The Millennial Market of eSports

Callista Ryan  July 31, 2018

The global phenomenon of the eSports industry is only continuing to gain more traction, and you guessed it, it’s powered by millennials.

For those who don’t live behind their computer screens, eSports are digital competitions between players of electronic games. Console (think Xbox and PlayStation) and computer games are the most popular, and players either gather in large playing centres or combat over the internet. There are firms who host competitive teams that trade players just like traditional sports teams. As an example, League of Legends, created by Riot Games, and is the world’s most played and viewed video game, is what is called a Multiplayer Online Battle Arena (MOBA) where players duke it out in an online world until the victory conditions are met. This game attracts both casual amateur players as well as professionally sponsored players. Riot Games hosts world championships for League of Legends, in which they had over 80 million viewers and raked in over 1.2 billion collective hours watched over the course of the 2017 worlds season. League is not the only game to attract large competition, viewers, or money. There are many other games that have a global competitive following such as: Starcraft II, CounterStrike: Global Offensive, Overwatch, Dota 2, and my childhood favourite, Super Smash Bros.

While eSports is dominating in Asia, Europe, and the United States; the professional competition scene is continually growing in Canada and is seen as a legitimate career option by many Canadian millennials. A recent Abacus Data survey found that 1 in 2 Canadian millennials think that professional eSports gaming is a realistic side job and just under that number see it as a fulltime career. Moreover, Canada has and is going to host several prestigious eSports events. In 2016, Toronto hosted the North American Spring Championships for League of Legends (in which all 15,000 tickets were sold out in one day). Vancouver this August will be hosting a Dota II tournament with a prize pool of $13,235,884 (these prize pools will continue to grow). The point being, that eSports are huge and continuing to grow much to the thanks of Canadian millennials. This growth is creating a new industry in Canada and bringing millions of dollars in new revenue where these large events are being hosted.Outside of these large tournaments, gamers are monetizing their passion through screen sharing platforms such as Twitch. Twitch is an online streaming platform that is geared for gamers to upload their content while live gaming and has built a community of viewers in the millions. Twitch reports that 55% of its users are millennials between the ages of 18-34 and their streamers are able to gain subscribers and advertise to gain income. While professional gamers do this on top of their competitive seasons, Twitch is also a platform for amateur gamers to side hustle and gain supplementary income from their hobby.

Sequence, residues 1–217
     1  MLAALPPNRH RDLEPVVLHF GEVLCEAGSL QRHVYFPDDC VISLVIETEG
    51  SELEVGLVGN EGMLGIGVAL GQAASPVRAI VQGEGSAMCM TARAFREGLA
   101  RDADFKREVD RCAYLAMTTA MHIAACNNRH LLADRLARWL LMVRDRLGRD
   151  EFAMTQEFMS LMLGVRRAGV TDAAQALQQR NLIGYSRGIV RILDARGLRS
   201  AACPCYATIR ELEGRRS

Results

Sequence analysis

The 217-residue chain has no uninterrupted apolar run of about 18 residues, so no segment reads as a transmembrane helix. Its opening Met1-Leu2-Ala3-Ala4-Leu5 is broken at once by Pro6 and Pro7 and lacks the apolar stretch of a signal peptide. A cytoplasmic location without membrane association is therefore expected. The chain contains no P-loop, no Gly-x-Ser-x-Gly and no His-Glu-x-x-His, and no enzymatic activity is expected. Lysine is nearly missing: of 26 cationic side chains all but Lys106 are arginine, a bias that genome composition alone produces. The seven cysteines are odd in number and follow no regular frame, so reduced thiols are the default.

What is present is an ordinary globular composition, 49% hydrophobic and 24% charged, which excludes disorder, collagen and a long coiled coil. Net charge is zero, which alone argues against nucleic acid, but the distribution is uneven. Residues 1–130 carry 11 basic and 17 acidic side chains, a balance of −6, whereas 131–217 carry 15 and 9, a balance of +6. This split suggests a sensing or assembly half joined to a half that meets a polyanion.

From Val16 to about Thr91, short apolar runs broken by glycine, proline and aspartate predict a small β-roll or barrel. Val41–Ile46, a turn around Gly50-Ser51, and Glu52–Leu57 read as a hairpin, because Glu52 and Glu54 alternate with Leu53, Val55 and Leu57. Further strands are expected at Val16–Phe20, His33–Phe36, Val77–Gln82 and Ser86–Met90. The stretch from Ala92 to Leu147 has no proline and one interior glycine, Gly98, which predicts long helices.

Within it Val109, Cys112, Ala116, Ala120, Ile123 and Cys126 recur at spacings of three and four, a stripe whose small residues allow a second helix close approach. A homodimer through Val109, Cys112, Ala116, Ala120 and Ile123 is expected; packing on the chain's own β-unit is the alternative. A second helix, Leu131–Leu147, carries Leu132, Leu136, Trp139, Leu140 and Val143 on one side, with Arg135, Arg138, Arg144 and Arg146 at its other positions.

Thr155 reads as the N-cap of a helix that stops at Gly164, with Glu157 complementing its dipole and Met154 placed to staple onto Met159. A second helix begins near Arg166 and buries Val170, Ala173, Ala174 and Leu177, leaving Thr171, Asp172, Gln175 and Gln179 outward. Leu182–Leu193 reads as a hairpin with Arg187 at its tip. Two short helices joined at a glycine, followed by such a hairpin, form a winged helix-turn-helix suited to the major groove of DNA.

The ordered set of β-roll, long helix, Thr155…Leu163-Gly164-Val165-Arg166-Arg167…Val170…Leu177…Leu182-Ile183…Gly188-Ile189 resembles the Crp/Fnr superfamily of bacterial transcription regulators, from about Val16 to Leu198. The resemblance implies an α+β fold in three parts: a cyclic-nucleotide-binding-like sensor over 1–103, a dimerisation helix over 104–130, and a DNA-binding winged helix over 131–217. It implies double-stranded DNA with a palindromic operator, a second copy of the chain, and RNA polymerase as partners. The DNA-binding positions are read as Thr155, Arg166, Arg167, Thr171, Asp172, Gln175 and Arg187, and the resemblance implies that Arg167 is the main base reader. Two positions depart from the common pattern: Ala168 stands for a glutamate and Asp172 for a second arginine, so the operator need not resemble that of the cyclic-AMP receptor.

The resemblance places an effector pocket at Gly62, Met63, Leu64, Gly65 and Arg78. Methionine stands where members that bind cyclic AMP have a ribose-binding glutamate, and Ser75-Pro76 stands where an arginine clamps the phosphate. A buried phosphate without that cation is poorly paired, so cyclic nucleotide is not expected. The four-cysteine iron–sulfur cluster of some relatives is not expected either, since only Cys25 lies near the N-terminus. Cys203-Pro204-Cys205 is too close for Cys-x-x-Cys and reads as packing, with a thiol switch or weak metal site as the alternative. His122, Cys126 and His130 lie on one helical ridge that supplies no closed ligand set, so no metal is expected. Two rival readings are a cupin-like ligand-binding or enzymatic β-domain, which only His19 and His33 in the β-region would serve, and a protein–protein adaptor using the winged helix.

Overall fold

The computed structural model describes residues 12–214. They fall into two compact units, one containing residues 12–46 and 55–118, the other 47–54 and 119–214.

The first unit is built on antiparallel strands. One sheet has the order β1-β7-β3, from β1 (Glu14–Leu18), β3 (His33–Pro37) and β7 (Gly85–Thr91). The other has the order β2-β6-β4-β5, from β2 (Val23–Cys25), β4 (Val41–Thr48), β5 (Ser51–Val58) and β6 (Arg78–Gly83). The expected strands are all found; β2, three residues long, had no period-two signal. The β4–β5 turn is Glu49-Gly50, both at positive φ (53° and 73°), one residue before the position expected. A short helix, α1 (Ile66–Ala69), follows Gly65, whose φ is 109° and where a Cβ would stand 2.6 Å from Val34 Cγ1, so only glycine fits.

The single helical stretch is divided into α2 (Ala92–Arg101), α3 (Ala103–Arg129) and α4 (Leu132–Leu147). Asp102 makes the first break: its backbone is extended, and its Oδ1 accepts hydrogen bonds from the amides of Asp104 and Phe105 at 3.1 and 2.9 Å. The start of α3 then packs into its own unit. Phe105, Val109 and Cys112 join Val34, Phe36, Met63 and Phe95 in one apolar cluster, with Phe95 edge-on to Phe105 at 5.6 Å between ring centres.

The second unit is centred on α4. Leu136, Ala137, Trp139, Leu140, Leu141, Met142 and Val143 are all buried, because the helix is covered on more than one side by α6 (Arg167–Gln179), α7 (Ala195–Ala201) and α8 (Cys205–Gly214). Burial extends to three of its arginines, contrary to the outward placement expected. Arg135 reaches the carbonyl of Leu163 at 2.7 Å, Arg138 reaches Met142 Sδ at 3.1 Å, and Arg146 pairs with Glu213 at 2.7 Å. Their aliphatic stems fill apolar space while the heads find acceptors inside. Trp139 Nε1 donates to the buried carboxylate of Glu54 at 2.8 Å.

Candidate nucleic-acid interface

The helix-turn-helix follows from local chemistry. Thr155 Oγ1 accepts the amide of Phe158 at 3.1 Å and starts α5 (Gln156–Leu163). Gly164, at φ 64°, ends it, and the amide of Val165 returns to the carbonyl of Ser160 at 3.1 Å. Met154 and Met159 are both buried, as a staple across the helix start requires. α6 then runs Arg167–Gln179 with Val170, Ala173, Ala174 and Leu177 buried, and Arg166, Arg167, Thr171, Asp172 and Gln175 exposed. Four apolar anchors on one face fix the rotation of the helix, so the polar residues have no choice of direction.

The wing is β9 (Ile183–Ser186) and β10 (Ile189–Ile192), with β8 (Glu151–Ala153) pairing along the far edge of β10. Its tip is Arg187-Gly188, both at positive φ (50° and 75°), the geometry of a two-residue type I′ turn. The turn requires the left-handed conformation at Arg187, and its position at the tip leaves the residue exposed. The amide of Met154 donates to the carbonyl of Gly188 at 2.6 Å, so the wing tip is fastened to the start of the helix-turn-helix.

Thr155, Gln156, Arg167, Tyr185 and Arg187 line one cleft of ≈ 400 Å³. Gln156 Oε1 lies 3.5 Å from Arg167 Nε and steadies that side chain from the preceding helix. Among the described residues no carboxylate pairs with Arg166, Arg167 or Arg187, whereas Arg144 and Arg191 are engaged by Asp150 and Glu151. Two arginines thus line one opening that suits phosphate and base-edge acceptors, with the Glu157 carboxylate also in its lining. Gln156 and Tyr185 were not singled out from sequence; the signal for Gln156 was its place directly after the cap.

Now, most discussion surrounding eSports tend to be introspectively targeted at the gaming community itself. Yet, what has been overlooked is the massive market potential that the eSports industry brings to the national table. Millennials are notoriously difficult to reach marketers looking for a way into millennials’ sensory bubble can find one here. The infrastructure surrounding the eSports industry is an untapped market and as more people take interest in gaming and see eSports as a viable career option, corporations should take note of the pent-up possibilities this market possesses. Team or event sponsorships, advertising on platforms, or placing ads in the games themselves are all ways brands can extend their reach and capture more of the millennial market. As fewer millennials view content through traditional means, TV, radio, newsprint and as they become even more segmented online, there is a strong case for marketers to invest time and money into the eSports space.

While the eSports is fuelled by the millennials playing, competing, and buying into the sport; Generation Z is also expected to follow the millennial path of taking part in this industry. The KidsSay Trend Tracker reports that in the United States, 89% of Generation Z (children between the ages of 8-15) own a game console, with many owning more than one. By the time they enter post-secondary school, they will have logged thousands of hours on their gaming console and venerated other eSports legends as modern-day role models. The progression from gaming for fun to gaming for profit will come easily as platforms and markets expand with more innovative prizes such as university scholarships or in-kind prizes like “a lifetime supply of pizza pockets” (an actual prize of a 2011 eSports competition) or other gaming paraphernalia. The Gen Z eSports market will dwarf the eSports scene we see today, and wise marketers will establish their presence now as opposed to arriving late and catching up to earn the trust of a generation that is already hard to reach. eSports has become part of mainstream culture and the only question is, is your organization ready for it?

 

 

 

 

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